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What Can We Make Of International Business Machines Corporation’s (NYSE:IBM) High Return On Capital?

Simply Wall St

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Today we are going to look at International Business Machines Corporation (NYSE:IBM) to see whether it might be an attractive investment prospect. Specifically, we're going to calculate its Return On Capital Employed (ROCE), in the hopes of getting some insight into the business.

First up, we'll look at what ROCE is and how we calculate it. Second, we'll look at its ROCE compared to similar companies. Finally, we'll look at how its current liabilities affect its ROCE.

Understanding Return On Capital Employed (ROCE)

ROCE measures the 'return' (pre-tax profit) a company generates from capital employed in its business. Generally speaking a higher ROCE is better. Ultimately, it is a useful but imperfect metric. Author Edwin Whiting says to be careful when comparing the ROCE of different businesses, since 'No two businesses are exactly alike.'

So, How Do We Calculate ROCE?

The formula for calculating the return on capital employed is:

Return on Capital Employed = Earnings Before Interest and Tax (EBIT) ÷ (Total Assets - Current Liabilities)

Or for International Business Machines:

0.13 = US$12b ÷ (US$131b - US$39b) (Based on the trailing twelve months to March 2019.)

Therefore, International Business Machines has an ROCE of 13%.

View our latest analysis for International Business Machines

Does International Business Machines Have A Good ROCE?

ROCE is commonly used for comparing the performance of similar businesses. Using our data, we find that International Business Machines's ROCE is meaningfully better than the 9.7% average in the IT industry. We would consider this a positive, as it suggests it is using capital more effectively than other similar companies. Independently of how International Business Machines compares to its industry, its ROCE in absolute terms appears decent, and the company may be worthy of closer investigation.

As we can see, International Business Machines currently has an ROCE of 13%, less than the 18% it reported 3 years ago. This makes us wonder if the business is facing new challenges.

NYSE:IBM Past Revenue and Net Income, June 14th 2019

Remember that this metric is backwards looking - it shows what has happened in the past, and does not accurately predict the future. Companies in cyclical industries can be difficult to understand using ROCE, as returns typically look high during boom times, and low during busts. This is because ROCE only looks at one year, instead of considering returns across a whole cycle. Future performance is what matters, and you can see analyst predictions in our free report on analyst forecasts for the company.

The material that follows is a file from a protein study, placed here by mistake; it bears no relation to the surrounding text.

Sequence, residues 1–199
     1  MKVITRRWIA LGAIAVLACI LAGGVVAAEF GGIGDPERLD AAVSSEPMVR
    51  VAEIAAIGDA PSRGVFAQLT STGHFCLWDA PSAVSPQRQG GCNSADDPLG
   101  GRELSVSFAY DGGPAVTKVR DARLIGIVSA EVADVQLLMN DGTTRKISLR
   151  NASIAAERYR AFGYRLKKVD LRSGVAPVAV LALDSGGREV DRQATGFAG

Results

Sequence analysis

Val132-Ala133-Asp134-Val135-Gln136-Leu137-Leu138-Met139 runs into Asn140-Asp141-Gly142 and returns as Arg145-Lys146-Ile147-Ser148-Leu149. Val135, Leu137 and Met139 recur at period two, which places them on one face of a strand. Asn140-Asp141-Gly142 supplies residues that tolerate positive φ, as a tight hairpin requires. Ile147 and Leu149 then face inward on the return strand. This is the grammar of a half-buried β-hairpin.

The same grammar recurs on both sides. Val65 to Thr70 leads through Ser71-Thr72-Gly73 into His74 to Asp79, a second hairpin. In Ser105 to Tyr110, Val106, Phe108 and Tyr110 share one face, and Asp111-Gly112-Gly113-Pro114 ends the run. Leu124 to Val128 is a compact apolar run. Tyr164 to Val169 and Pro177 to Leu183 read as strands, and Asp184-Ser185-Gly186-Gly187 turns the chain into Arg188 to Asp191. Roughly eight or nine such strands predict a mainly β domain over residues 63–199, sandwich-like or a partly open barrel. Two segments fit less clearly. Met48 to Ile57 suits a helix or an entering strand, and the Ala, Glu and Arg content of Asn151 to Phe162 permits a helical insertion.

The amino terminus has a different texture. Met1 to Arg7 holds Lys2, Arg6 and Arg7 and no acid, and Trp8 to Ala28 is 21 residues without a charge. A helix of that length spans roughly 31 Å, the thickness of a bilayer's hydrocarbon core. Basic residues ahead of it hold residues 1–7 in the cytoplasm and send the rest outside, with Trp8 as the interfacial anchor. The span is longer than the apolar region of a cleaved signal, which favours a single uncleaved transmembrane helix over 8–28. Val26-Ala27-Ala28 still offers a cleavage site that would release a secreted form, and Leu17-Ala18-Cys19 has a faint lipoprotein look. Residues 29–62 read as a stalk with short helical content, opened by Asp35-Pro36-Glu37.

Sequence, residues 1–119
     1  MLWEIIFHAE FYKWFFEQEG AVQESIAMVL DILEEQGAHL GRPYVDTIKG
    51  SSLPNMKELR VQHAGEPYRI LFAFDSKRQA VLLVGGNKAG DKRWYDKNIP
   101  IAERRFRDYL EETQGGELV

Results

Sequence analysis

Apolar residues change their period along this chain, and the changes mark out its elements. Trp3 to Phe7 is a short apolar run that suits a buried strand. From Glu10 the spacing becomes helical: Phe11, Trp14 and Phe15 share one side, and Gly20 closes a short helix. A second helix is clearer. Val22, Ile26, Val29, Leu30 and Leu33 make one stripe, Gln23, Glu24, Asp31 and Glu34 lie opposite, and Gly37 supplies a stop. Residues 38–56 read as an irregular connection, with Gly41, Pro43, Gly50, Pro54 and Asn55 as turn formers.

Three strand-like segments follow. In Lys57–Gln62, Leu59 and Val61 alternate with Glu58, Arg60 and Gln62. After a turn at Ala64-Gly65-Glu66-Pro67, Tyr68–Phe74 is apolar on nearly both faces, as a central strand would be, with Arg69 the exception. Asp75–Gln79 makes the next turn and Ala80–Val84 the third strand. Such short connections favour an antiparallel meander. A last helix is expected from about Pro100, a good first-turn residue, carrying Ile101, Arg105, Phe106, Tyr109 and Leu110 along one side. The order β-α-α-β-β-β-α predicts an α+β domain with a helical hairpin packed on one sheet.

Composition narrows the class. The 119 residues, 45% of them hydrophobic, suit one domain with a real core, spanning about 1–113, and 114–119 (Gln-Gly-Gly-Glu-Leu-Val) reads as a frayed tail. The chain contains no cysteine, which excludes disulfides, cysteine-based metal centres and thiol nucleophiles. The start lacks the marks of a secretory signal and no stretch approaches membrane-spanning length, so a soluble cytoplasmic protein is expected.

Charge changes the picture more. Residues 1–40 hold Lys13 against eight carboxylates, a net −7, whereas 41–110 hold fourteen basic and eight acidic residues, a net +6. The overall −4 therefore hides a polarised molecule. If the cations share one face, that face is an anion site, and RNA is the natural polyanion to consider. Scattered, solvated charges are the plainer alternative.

How International Business Machines's Current Liabilities Impact Its ROCE

Current liabilities are short term bills and invoices that need to be paid in 12 months or less. Due to the way the ROCE equation works, having large bills due in the near term can make it look as though a company has less capital employed, and thus a higher ROCE than usual. To counter this, investors can check if a company has high current liabilities relative to total assets.

International Business Machines has total liabilities of US$39b and total assets of US$131b. Therefore its current liabilities are equivalent to approximately 30% of its total assets. Current liabilities are minimal, limiting the impact on ROCE.

What We Can Learn From International Business Machines's ROCE

With that in mind, International Business Machines's ROCE appears pretty good. There might be better investments than International Business Machines out there, but you will have to work hard to find them . These promising businesses with rapidly growing earnings might be right up your alley.

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We aim to bring you long-term focused research analysis driven by fundamental data. Note that our analysis may not factor in the latest price-sensitive company announcements or qualitative material.

If you spot an error that warrants correction, please contact the editor at editorial-team@simplywallst.com. This article by Simply Wall St is general in nature. It does not constitute a recommendation to buy or sell any stock, and does not take account of your objectives, or your financial situation. Simply Wall St has no position in the stocks mentioned. Thank you for reading.